Students plant, study chestnut trees

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SHELBYVILLE, Ill. (WAND)- Students planted 35 chestnut trees Tuesday as part of a study on how varieties of chestnuts and hazelnuts perform locally.

Researchers at Eastern Illinois University are leading the project, in partnership with five central Illinois schools or districts: Shelbyville, Arthur Lovington Atwood Hammond, Paris, Casey-Westfield and Okaw Valley.  Students at each school will plant orchards of chestnut and hazelnut trees, care for them and monitor their performance.

“We’re really going to be training students at the regional high schools to do agricultural research,” said professor Scott Meiner. “They’ll be a resource for the students to do science projects. Eventually, they’ll be able to collect the nuts and sell them.”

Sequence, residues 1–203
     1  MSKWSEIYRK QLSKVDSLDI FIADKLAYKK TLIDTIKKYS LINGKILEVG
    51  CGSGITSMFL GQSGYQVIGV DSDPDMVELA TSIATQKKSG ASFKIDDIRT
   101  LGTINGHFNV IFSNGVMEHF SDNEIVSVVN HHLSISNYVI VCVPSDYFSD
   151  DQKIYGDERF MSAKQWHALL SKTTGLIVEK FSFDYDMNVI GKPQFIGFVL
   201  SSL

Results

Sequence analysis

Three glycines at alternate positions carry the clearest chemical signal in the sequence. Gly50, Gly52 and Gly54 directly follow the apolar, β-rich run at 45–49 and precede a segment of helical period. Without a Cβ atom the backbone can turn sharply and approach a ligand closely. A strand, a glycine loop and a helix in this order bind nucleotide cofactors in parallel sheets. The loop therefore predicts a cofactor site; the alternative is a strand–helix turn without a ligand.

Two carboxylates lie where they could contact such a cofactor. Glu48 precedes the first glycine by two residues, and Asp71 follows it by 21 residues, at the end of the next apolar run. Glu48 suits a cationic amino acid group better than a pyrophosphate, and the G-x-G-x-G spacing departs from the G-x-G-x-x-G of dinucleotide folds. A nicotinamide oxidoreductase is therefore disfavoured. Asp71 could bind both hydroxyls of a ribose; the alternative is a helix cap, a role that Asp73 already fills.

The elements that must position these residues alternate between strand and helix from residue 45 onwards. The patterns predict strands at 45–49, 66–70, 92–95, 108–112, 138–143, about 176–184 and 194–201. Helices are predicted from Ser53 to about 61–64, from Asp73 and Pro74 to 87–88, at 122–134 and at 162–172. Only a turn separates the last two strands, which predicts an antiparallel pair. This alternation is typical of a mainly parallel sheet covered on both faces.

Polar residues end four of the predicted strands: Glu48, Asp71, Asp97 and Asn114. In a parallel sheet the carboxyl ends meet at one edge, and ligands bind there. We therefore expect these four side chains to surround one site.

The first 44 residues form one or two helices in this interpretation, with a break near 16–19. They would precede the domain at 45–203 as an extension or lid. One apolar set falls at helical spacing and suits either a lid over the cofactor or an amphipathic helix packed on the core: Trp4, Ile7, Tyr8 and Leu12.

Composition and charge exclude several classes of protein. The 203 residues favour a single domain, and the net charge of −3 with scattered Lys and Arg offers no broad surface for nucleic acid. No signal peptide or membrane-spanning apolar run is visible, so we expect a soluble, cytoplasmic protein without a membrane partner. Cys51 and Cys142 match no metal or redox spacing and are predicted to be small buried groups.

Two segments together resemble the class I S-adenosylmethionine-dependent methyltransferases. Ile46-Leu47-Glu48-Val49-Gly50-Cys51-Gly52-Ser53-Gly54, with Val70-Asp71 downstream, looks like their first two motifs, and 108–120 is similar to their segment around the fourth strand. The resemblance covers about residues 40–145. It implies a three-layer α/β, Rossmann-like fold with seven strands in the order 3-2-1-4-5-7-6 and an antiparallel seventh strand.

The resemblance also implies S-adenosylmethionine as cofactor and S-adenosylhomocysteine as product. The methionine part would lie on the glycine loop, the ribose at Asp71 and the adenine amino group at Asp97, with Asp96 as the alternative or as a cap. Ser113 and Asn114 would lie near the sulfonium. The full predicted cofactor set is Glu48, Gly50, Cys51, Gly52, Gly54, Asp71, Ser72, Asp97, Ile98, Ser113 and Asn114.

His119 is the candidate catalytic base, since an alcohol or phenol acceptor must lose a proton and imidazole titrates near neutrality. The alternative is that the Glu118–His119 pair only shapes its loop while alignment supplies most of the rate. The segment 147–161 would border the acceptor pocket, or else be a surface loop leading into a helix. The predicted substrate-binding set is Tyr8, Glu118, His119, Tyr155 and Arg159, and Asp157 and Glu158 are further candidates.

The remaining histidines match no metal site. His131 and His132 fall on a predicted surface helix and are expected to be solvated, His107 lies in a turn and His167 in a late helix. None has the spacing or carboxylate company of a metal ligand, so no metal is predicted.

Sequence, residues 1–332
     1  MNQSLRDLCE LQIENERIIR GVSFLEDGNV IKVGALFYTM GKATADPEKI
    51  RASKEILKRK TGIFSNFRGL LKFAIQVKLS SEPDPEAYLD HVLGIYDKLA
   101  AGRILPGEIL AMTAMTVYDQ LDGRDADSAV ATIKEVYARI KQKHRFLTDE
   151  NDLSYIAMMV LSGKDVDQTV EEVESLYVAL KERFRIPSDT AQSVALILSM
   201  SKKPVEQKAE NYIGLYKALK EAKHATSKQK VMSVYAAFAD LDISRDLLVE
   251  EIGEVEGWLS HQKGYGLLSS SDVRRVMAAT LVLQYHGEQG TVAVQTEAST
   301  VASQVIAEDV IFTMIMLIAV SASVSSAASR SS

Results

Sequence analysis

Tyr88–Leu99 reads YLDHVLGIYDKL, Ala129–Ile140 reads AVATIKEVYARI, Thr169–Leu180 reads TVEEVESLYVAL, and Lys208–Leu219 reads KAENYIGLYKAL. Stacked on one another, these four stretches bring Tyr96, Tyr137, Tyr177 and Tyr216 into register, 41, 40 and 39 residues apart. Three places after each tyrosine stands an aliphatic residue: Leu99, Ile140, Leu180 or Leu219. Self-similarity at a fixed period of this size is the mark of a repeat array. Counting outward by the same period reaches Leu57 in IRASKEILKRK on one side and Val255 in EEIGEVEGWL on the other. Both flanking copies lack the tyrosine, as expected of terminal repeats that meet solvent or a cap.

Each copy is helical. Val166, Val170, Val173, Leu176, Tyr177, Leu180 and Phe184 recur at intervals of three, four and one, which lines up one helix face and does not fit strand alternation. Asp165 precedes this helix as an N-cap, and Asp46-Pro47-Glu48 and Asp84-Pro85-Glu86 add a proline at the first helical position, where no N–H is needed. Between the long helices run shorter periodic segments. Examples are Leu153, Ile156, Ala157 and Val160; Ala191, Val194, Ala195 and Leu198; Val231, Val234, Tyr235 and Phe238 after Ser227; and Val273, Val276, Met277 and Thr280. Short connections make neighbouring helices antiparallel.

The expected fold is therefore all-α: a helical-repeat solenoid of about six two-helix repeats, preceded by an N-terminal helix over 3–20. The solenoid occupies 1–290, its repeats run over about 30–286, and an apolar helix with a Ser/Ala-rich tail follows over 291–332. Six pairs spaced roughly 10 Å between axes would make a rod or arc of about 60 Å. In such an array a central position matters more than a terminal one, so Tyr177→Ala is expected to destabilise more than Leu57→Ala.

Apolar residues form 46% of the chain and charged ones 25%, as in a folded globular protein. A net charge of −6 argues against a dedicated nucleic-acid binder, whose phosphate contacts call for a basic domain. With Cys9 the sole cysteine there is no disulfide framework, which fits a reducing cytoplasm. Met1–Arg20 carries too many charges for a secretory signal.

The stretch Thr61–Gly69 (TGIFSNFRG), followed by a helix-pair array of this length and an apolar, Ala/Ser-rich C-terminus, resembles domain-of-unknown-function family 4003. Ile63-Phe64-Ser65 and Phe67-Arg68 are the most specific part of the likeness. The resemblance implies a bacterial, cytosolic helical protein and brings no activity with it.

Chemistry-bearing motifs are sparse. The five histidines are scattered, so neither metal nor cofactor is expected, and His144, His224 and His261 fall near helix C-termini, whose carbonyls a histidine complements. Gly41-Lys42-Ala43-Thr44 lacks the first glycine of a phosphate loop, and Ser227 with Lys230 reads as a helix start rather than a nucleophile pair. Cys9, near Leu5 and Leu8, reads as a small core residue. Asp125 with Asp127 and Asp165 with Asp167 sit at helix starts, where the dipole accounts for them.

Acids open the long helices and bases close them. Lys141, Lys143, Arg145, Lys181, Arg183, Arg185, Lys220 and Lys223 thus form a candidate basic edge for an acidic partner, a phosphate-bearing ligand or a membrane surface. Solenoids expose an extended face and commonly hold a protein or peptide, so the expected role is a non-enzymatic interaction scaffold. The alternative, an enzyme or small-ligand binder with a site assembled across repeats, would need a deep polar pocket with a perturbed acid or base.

The Lumpkin Family Foundation is funding the project, Meiner said. He said hazelnuts and chestnuts could be valuable crops.

“With Nutella … everybody wants hazelnuts and that sort of thing,” Meiner said. “The chestnuts are … more in our nostalgic memory, but every time I roast chestnuts for people, they seem to get really excited.”

Shelbyville science teacher Keith Endsley said the project allows his students to see science as an active pursuit.

“A couple students earlier today, they were planting a tree in the corner, and said ‘Can we put our names on this tag?’” Endsley said. “So that’s their tree, because they have ownership of it and they feel proud that they put that tree in the ground.”

Endlsey said the students will plant hazelnut trees and additional chestnut trees in the spring.

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